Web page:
in Making and remaking saints in nineteenth-century Britain
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‘Experience’ became a keyword in the science and history of religion and in Protestant apologetics during the later nineteenth and early twentieth centuries, allowing Christian teachings that had been discredited to be restated as a ‘direct rendering in intellectual terms of religious experience’. This chapter argues that Paul became a particularly suggestive symbol of this turn to experience. All debates about sainthood involve the question of how to relate the experiences of exceptional individuals to human beings as a whole. Paul was both within and outside such debates, because his name was shorthand not just for a human being but for a cluster of proof texts and by extension for the authority of Scripture. The more that Paul’s mind could be understood as the product of a particular time and place, the harder it became to present him as a timeless authority. This chapter tracks the shift away from Protestant enlightenment views of Paul that portrayed him as a sensible man to whom extraordinary things had happened. By the later nineteenth century Paul disappeared as an authority but was reinstated as a more complex figure whose experiences bespoke the ways in which the seen and unseen, the finite and infinite could mingle in human experience.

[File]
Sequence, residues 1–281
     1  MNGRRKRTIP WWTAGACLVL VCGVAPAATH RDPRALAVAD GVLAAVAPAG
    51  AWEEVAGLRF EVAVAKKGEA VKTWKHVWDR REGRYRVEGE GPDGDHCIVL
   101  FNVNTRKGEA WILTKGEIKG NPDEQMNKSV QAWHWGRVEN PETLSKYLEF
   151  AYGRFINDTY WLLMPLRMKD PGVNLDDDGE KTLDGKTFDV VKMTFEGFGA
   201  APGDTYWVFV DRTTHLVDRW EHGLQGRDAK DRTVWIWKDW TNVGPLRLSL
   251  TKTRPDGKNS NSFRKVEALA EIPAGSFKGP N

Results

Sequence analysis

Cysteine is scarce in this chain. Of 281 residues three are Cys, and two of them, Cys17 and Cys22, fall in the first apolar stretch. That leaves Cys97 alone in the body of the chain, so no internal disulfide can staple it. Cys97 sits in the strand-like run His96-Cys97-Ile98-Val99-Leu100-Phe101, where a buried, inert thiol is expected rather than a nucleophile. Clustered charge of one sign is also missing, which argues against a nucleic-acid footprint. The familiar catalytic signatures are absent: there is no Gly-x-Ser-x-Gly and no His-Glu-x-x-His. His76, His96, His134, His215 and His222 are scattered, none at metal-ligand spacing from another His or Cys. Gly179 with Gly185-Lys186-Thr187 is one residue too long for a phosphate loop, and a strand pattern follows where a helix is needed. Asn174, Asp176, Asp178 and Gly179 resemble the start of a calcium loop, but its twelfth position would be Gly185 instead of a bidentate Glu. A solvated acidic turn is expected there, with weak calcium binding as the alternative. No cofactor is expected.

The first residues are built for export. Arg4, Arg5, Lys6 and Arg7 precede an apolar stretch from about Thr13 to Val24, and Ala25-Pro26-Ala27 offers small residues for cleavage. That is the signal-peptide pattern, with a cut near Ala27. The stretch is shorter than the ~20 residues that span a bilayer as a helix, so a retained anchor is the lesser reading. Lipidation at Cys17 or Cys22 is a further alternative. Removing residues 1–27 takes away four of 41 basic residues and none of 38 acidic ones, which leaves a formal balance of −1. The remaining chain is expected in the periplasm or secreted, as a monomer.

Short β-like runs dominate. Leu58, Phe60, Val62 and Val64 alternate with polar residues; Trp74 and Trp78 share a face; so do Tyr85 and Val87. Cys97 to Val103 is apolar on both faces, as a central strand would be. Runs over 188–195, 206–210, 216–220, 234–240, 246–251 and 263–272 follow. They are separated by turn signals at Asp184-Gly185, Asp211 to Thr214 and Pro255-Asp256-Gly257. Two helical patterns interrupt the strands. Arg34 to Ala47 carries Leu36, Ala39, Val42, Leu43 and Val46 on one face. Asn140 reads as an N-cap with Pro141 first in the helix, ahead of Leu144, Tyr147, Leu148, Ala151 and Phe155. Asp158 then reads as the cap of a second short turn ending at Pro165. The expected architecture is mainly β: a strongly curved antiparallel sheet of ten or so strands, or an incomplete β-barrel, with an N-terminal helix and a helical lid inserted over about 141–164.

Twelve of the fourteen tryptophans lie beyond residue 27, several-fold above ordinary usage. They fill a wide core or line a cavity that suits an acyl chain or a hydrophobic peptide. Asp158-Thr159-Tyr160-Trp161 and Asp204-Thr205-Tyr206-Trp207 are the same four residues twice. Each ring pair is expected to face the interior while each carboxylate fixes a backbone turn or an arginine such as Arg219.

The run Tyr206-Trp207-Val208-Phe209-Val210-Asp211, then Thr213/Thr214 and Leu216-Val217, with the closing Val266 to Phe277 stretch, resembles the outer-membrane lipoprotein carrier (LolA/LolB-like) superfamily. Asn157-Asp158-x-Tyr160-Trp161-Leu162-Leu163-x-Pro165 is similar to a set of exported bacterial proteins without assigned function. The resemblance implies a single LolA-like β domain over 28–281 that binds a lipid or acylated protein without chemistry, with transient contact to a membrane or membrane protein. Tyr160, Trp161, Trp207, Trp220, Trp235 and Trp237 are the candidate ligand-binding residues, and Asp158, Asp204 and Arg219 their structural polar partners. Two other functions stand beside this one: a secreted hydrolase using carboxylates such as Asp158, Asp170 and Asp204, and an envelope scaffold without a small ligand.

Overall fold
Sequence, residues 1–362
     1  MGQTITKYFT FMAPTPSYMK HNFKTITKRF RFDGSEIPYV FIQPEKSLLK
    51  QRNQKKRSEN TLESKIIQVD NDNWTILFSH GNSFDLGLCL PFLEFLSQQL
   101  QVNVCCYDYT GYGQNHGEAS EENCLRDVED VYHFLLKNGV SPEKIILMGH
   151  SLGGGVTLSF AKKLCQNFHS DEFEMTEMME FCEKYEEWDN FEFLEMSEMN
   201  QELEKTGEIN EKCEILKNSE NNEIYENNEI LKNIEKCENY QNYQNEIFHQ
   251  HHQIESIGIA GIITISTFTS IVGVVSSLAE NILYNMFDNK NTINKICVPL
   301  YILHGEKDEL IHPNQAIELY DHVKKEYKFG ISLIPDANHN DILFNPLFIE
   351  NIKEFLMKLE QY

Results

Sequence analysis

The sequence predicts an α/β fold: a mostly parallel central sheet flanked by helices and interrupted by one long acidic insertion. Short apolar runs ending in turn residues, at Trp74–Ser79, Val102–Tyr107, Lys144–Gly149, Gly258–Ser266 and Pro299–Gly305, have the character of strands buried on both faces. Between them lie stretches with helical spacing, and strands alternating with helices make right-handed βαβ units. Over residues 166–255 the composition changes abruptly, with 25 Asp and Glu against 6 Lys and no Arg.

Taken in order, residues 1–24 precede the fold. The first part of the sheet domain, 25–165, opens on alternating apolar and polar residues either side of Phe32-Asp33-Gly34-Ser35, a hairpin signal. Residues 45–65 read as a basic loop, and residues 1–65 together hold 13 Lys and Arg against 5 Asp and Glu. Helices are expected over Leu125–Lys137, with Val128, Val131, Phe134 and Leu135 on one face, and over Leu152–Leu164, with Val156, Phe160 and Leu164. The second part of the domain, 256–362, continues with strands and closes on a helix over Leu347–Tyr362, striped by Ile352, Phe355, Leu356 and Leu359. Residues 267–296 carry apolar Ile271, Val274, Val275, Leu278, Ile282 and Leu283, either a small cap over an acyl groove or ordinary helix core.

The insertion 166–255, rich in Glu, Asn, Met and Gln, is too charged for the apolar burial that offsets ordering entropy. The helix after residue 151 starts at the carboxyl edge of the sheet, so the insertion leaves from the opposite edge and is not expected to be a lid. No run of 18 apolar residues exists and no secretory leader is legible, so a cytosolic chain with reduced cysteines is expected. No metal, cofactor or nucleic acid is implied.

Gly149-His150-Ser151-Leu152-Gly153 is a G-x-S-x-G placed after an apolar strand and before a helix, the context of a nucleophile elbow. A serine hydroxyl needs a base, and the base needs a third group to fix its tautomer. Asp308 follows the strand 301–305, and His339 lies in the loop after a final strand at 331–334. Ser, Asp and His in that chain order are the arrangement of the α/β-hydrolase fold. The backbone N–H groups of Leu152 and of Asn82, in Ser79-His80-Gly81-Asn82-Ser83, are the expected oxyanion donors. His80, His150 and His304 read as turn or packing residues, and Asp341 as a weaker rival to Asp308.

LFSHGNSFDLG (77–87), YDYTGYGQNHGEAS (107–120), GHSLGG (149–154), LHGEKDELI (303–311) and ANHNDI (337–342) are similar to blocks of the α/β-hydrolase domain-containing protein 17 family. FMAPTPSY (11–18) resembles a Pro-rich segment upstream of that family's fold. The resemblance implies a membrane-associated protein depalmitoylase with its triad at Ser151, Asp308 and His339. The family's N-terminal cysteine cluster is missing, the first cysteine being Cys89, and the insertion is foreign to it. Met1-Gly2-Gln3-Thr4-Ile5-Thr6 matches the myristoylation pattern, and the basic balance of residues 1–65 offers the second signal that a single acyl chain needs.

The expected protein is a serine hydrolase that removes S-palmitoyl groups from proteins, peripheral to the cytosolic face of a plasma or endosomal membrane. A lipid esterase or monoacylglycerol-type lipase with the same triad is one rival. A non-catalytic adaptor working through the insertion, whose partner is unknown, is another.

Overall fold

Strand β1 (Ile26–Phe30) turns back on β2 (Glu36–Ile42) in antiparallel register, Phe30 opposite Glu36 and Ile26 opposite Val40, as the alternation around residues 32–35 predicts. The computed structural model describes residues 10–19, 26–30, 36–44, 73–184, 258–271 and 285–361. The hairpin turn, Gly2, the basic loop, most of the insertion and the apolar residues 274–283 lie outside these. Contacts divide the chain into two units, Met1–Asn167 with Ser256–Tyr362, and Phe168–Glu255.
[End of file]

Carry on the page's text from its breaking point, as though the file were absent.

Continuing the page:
Editor: Gareth Atkins


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